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Title: Assessing cardiotoxicity in randomised trials of anthracycline in cancer patients
Author: Kerr, Amanda J.
ISNI:       0000 0004 6353 1546
Awarding Body: University of Oxford
Current Institution: University of Oxford
Date of Award: 2015
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Chemotherapy has improved survival in many types of cancer. However, it can lead to a range of toxic side effects that can occur while the patient is on treatment but may also appear months or years later. One of the more serious harmful side-effects of chemotherapy is heart disease and anthracycline chemotherapy is particularly implicated in this. Observational studies have shown that the risk of congestive heart failure in anthracycline treated patients rises rapidly after cumulative doses of about 400 mg/m2, but that there is also some risk below this dose. This thesis explored several methodological issues that affect meta-analyses of harms. First meta-analyses of harms often include terms for those harms in their search strategies. Evaluation of a trial search including cardiac terms against the trial list maintained by the Early Breast Cancer Trialists' Collaborative Group showed that only 48% of their trials were found. After cardiac terms were removed from the search strategy, 87% of the EBCTCG trials were found. Second, anthracycline cardiotoxicity is often not reported in a manner that enables data to be extracted for meta-analyses. To address this, risk of outcome reporting bias in trials included in this thesis was assessed. There was a high risk of outcome reporting bias for cardiac morbidity in 50% of trials, and 35% of trials had high risk of outcome reporting bias for cardiac mortality. Third, previous meta-analyses of anthracycline cardiotoxicity included only a limited number of trials. In order to increase the amount of information about anthracycline cardiotoxicity available for meta-analysis, a method was devised for including confounded trials in the meta-analysis, taking into account prior knowledge as to the likely effect of other drugs on cardiotoxicity. Finally, published and individual patient data meta-analyses of cardiac death in randomised trials of anthracycline versus not were undertaken. The published data meta-analysis included 32 trials, 9 of which were unconfounded, and found a 36% (95% CI 1-83%) increased risk of cardiac death in anthracycline-allocated patients compared to those not allocated to anthracycline. No conclusions could be drawn about the effect of confounder drugs on the risk of cardiac death. A meta-analysis grouped by lower and higher dose showed that there was a statistically significant increase in risk of cardiac death in anthracycline allocated patients compared to those not allocated anthracyclines in the higher dose group only (OR=1.74, 95%CI 1.15 - 2.62). In conclusion, this thesis has generated new insights into the methods used for meta-analyses of harms. It has also produced a new risk estimate of cardiac death in anthracycline-treated patients that clinicians can use to inform their treatment decisions.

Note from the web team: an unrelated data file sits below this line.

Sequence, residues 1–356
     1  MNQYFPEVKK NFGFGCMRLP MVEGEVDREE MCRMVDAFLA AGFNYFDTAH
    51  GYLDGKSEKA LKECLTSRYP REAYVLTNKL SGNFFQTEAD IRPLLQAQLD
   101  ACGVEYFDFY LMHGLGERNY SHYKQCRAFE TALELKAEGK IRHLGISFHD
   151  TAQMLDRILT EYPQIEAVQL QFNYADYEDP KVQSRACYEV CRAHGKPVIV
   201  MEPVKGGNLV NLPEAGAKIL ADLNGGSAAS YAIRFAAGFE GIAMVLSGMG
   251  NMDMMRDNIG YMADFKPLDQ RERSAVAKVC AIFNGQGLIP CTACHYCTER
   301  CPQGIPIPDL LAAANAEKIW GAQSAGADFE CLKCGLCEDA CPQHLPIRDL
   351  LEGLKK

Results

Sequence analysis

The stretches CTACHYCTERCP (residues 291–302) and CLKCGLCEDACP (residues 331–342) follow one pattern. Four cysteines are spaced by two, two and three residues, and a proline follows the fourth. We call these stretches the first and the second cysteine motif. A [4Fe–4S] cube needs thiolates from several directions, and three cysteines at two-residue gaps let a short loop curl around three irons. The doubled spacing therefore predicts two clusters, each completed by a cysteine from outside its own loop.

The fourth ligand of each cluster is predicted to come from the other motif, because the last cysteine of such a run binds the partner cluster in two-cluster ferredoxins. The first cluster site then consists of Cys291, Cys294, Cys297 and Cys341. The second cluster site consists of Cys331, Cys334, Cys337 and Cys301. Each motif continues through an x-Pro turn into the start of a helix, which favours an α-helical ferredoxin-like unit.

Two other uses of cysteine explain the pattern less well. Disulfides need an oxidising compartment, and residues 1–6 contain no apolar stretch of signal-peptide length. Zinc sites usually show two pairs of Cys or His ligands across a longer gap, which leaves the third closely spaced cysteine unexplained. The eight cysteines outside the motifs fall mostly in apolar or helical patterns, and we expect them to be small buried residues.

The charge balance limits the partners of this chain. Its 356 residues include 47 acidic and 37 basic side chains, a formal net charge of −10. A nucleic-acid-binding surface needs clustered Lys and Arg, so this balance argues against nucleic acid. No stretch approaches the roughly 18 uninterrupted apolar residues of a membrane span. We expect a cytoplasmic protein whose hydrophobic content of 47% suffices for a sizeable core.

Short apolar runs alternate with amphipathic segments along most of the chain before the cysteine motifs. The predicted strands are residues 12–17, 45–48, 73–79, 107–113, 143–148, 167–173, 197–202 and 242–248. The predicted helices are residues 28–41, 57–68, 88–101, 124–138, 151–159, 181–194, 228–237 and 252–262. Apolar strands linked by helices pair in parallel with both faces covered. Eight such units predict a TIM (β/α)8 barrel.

Supervisor: Darby, Sarah C. ; McGale, Paul ; Taylor, Carolyn Sponsor: Not available
Qualification Name: Thesis (Ph.D.) Qualification Level: Doctoral
EThOS ID:  DOI: Not available